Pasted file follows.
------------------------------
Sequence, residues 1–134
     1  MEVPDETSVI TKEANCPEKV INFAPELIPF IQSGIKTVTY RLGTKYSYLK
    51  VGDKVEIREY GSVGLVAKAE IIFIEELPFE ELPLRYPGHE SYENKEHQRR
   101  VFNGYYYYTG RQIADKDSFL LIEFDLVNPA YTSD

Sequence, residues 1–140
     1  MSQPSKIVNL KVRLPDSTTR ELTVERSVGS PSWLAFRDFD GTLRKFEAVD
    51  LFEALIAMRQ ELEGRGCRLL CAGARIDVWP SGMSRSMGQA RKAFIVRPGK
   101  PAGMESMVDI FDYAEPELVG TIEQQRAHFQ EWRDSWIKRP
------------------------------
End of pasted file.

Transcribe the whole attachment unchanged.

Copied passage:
Sequence, residues 1–134
     1  MEVPDETSVI TKEANCPEKV INFAPELIPF IQSGIKTVTY RLGTKYSYLK
    51  VGDKVEIREY GSVGLVAKAE IIFIEELPFE ELPLRYPGHE SYENKEHQRR
   101  VFNGYYYYTG RQIADKDSFL LIEFDLVNPA YTSD

Sequence, residues 1–140
     1  MSQPSKIVNL KVRLPDSTTR ELTVERSVGS PSWLAFRDFD GTLRKFEAVD
    51  LFEALIAMRQ ELEGRGCRLL CAGARIDVWP SGMSRSMGQA RKAFIVRPGK
   101  PAGMESMVDI FDYAEPELVG TIEQQRAHFQ EWRDSWIKRP